“You don’t look like a train buff”: on sexism in the trainspotting community

A female guard on London’s former Metropolitan Railway. Image: Getty.

I am a railway enthusiast. I like looking at trains, I like travelling by train and I like the quirks of the vast number of different train units, transit maps and train operating companies.

I get goosebumps standing on a platform watching my train approach, eyeballing the names of the destinations on the dot matrix display over and over again, straining to hear the tinny departure announcements on the tannoy.  I’m fortunate enough to work on the site of a former railway station that not only houses beautiful old goods sheds, but still has an active railway line running alongside it. You can imagine my colleagues’ elation as I exclaim: “Wow! Look at that one!” for the sixth time that day, as another brilliantly gaudy freight train trundles past.

I am also a woman in my twenties. A few weeks my request to join a railway-related Facebook group was declined because I – and I quote here – “don’t look like a train buff”.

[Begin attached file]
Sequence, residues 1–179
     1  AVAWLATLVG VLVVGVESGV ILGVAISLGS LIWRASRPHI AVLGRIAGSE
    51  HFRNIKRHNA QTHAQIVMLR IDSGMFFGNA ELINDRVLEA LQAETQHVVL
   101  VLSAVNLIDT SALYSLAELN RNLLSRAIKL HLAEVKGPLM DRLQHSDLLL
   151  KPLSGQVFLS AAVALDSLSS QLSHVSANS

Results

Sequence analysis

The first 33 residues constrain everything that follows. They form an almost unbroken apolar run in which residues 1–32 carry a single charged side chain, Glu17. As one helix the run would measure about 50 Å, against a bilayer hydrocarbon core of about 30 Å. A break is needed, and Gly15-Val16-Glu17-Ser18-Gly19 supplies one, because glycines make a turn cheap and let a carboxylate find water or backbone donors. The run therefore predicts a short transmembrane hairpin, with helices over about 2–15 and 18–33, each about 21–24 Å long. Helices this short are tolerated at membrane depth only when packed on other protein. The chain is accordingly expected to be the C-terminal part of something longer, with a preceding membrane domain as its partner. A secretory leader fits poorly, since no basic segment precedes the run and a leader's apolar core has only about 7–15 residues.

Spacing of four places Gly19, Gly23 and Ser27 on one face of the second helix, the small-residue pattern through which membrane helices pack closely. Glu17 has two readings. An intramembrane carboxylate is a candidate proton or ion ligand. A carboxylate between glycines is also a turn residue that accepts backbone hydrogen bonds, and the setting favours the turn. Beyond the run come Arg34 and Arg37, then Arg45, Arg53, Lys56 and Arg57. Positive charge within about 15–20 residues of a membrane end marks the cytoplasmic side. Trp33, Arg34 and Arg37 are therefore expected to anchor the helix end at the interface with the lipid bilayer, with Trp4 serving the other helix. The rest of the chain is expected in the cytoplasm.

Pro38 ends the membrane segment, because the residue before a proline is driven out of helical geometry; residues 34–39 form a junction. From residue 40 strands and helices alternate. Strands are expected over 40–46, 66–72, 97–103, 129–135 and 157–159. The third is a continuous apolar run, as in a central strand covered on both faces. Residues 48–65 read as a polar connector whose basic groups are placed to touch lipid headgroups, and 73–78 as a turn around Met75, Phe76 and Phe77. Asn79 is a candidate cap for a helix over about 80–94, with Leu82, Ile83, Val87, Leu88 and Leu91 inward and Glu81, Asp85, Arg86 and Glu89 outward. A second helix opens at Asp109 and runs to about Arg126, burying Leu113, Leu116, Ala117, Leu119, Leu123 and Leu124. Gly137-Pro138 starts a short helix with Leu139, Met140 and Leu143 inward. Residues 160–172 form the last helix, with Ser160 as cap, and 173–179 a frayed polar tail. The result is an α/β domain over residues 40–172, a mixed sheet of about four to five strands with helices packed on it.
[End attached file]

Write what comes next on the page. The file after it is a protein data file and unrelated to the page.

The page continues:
After posting about this exchange on Twitter, my outrage was widely shared. “They should be thrilled to have you!” said one. “What does a train buff look like?!” many others asked.

The answer, of course, is a middle-aged white man with an anorak and notebook. Supposedly, anyway. That’s the ancient stereotype of a “trainspotter”, which sadly shows no sign of waning.

I’m not alone in feeling marginalised in the railway community. Sarah, a railway enthusiast from Bournemouth, says she is used to funny looks when she tells people that she is not only into trains, but an engineer.

She speaks of her annoyance at seeing a poster bearing the phrase: “Beware Rail Enthusiasts Disease: Highly Infectious To Males Of All Ages”. “That did bug me,” she says, “because women can enjoy trains just as much as men.”